The Scale of Things
There’s a whole country at the foot of the stone If you care to look These are the stones we have instead of trees In the north. Our trees all got lost, Blown over or cut down Long long ago, and some of them lie there still in the peat moss Or fossilized in limestone. At the shady foot of trees Certain things grow, But at the foot of stone grow the sun-loving wind–resisting short plants With very small bright flowers And compact, precise leaves. The wind whips the tight stems into a vibration, But they don’t break. The full light of the sun reaches right down to the ground, And reflects obliquely and sideways in among and under the snug leaves, And settles on the stone too, Makes a glow there, A sufficient warmth and clarified light. The stunning frequencies seem to get absorbed And if you stare closely at the stone It’s a calm light, not too blue, Precisely indicating its variegated surface. The great stone stands, On a different scale, in a way, from the minute plants at its base. A proliferating green lichen Grows on it As well as round golden coin-patches of another common lichen, And only in the earth right up to the very stone but not on it Grow the crisp grass And all the tiny plants and flowers Which, together interlaced and inter-related, Make the fine springing turf which people and animals walk on.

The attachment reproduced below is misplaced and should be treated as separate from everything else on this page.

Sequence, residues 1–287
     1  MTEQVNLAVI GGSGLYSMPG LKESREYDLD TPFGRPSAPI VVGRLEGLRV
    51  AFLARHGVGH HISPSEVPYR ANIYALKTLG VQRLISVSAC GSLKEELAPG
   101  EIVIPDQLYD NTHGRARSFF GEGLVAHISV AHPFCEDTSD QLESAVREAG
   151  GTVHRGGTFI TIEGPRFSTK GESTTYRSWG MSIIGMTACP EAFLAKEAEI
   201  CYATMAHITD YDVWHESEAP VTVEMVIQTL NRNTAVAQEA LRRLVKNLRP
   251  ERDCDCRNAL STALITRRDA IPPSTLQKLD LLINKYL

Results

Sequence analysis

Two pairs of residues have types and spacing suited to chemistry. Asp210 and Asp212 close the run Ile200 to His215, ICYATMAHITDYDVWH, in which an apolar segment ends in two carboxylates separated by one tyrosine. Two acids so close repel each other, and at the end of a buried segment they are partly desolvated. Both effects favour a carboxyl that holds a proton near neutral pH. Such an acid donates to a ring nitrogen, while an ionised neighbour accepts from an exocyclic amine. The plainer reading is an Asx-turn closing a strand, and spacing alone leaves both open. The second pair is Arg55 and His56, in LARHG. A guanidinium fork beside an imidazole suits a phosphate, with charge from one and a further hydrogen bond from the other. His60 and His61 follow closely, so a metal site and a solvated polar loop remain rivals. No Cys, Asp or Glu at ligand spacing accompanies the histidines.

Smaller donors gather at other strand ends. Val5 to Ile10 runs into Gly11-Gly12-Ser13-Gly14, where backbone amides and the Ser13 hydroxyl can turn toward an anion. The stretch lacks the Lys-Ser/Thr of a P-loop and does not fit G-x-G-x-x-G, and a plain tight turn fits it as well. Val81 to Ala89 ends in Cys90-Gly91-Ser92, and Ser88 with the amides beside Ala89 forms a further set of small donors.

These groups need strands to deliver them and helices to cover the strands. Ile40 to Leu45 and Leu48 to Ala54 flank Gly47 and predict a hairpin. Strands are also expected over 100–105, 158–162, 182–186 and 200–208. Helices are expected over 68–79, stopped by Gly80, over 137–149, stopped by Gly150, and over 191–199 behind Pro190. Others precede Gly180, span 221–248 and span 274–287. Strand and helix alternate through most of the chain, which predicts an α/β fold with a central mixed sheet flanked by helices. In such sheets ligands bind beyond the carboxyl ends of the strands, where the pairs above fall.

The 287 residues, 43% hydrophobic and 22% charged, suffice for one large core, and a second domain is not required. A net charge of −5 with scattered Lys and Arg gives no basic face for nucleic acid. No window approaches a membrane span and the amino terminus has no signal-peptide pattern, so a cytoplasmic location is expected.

Margaret Tait was one of Britain's most unique and individual film makers. She produced over 30 films, including one feature, Blue Black Permanent (1992), and Hugh MacDiarmid: A Portrait. She described her films as 'film poems'. She also published three books of poetry, origins and elements (1959), The Hen and the Bees: Legends and Lyrics (1960), and Subjects and Sequences (1960).Read more about this poet
About this poem
Listen to Margaret Tait reading this poem on the Carcanet Press website.